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ICE Agent Posed As Worker, Gave Out Donuts Before Taking 114 Employees From Ohio Gardening Center, ACLU Says
100 armed agents — and helicopters flying overhead — surrounded the Sandusky, Ohio Corso's Garden Center as the undercover agent offered employees donuts.
They came bearing donuts.
Undercover Immigration and Customs Enforcement agents raided an Ohio gardening company on June 5, arresting more than 100 employees after posing as fellow workers and holding an impromptu meeting.
Inside the Sandusky, Ohio location, an ICE agent pretended to be a representative of Corso’s Garden Center and offered the workers donuts, while 100 armed agents — and helicopters flying overhead — formed a perimeter outside, according to a report from the American Civil Liberties Union.
Agents took 114 employees from two Corso’s locations in Sandusky and Castalia into custody, regardless of their citizenship status, and loaded them onto buses. The men were ultimately sent to detention centers in Youngstown, Ohio, while the women were sent to centers in Battle Creek, Michigan.
More than 200 children have been left without one or more parents because of the raid, the ACLU reports.
Those arrested will likely face criminal charges including identity theft and tax evasion, according to the Associated Press. While no criminal charges have been filed against the company, the employer is reportedly under investigation; “a large volume of business documents” were seized during the raids, an agency spokesman reportedly said.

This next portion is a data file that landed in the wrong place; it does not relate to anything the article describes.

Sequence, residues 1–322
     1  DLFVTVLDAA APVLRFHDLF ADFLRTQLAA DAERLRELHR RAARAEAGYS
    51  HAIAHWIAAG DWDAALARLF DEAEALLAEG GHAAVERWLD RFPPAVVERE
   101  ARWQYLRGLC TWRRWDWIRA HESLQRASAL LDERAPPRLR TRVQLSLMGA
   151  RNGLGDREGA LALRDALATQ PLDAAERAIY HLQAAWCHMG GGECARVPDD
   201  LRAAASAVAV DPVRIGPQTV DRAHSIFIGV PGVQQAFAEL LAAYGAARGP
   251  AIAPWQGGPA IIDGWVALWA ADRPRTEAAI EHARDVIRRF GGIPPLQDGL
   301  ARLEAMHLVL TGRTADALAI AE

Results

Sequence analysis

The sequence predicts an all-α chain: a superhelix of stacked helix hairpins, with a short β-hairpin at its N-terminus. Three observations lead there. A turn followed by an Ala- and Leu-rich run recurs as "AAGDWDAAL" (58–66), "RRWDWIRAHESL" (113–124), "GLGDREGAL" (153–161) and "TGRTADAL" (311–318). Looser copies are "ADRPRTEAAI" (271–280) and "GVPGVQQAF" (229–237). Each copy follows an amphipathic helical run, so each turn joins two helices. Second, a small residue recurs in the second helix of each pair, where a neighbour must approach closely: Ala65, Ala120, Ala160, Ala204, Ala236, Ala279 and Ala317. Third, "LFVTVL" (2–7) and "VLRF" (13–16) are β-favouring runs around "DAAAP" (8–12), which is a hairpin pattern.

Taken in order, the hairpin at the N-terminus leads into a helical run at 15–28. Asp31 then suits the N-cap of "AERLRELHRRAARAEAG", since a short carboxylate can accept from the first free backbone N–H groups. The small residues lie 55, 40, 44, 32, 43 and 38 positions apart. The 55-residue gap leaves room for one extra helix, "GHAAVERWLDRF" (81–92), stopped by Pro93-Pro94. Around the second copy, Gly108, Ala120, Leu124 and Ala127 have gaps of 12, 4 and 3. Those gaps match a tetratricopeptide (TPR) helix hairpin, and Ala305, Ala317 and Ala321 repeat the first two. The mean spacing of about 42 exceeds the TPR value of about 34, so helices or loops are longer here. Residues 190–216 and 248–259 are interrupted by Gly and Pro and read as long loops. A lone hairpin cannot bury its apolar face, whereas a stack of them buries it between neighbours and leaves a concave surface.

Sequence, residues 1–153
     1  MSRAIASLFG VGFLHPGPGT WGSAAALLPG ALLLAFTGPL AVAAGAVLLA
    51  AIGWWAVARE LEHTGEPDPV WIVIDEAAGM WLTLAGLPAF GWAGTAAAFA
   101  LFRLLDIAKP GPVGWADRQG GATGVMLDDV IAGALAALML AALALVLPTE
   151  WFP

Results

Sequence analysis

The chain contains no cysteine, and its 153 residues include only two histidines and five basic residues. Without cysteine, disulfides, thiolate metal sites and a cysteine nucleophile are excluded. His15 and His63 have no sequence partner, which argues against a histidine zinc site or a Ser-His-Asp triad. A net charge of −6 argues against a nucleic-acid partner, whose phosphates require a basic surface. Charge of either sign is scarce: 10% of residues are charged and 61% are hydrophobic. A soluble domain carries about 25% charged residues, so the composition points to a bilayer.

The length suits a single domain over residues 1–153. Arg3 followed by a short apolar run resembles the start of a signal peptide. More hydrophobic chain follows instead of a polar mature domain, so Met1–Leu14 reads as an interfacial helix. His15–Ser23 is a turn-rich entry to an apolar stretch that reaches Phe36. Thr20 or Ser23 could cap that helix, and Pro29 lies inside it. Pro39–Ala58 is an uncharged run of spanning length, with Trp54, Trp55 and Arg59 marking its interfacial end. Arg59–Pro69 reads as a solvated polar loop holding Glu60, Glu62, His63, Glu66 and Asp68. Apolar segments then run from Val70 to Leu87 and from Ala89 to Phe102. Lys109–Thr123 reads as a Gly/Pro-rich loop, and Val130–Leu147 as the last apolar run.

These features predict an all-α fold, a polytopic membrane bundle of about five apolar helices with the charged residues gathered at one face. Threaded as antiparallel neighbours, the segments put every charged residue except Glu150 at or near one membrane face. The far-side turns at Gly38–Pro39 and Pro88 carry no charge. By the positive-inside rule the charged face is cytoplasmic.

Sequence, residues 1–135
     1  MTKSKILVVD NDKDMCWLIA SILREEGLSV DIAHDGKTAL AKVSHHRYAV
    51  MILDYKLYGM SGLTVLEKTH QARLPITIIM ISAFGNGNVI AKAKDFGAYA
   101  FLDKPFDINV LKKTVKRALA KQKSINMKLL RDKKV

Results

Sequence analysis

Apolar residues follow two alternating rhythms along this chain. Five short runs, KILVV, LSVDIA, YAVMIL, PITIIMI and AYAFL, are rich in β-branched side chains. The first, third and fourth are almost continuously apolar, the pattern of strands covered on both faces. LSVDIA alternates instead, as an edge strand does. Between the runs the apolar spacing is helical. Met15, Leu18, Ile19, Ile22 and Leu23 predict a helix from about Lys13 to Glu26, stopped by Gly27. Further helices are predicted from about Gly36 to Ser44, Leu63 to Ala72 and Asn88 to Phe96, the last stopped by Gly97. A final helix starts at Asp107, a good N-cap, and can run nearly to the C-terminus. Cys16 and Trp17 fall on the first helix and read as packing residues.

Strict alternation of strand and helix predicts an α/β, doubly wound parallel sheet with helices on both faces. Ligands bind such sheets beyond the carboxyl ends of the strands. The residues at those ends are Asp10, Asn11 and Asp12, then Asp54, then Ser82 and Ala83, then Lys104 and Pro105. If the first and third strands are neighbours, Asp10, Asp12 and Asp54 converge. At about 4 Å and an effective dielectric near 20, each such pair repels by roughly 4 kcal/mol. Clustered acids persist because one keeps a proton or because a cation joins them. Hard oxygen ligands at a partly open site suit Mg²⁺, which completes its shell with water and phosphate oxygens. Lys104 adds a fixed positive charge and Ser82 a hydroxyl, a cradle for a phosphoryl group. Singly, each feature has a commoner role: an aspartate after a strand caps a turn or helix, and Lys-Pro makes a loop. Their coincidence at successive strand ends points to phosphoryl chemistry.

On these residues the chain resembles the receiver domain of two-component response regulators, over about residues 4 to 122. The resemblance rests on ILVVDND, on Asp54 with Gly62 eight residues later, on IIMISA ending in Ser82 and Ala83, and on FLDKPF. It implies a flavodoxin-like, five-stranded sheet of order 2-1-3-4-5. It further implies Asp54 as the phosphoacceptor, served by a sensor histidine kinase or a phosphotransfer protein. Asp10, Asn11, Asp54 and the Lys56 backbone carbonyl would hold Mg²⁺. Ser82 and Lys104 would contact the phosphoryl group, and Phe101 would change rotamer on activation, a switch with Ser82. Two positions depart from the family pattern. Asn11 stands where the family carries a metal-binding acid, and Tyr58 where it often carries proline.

The investigation into the company began in October of last year, after the U.S. Border Patrol arrested a woman who gave stolen identity documents to undocumented people, AP reports. Her arrest led investigators to Corso’s, where, after examining the company’s files for any irregularities, they found that some social security numbers employees has provided belonged to dead people.
The identity theft targeted citizens who were unaware that their information was being used, Steve Francis, head of U.S. Immigration and Customs Enforcement’s Homeland Security Investigations unit in Detroit, told AP.
“We verified that a lot of U.S. persons were obviously unaware of this. It’s caused them a lot of hardship,” Francis said. “It’s not one that we’re looking for strictly as a worksite immigration raid.”
The company stated that it is “fully cooperating with the government’s investigation” in a Facebook statement released on June 7.
“Corso’s looks forward to the resolution of this unfortunate situation and in the interim will continue to focus efforts on serving customers as the investigation proceeds,” its statement read.
[Photo: ICE Enforcement and Removal Operations unit conduct a raid in Riverside, California on August 12, 2017. By Irfan Khan/Los Angeles Times via Getty Images]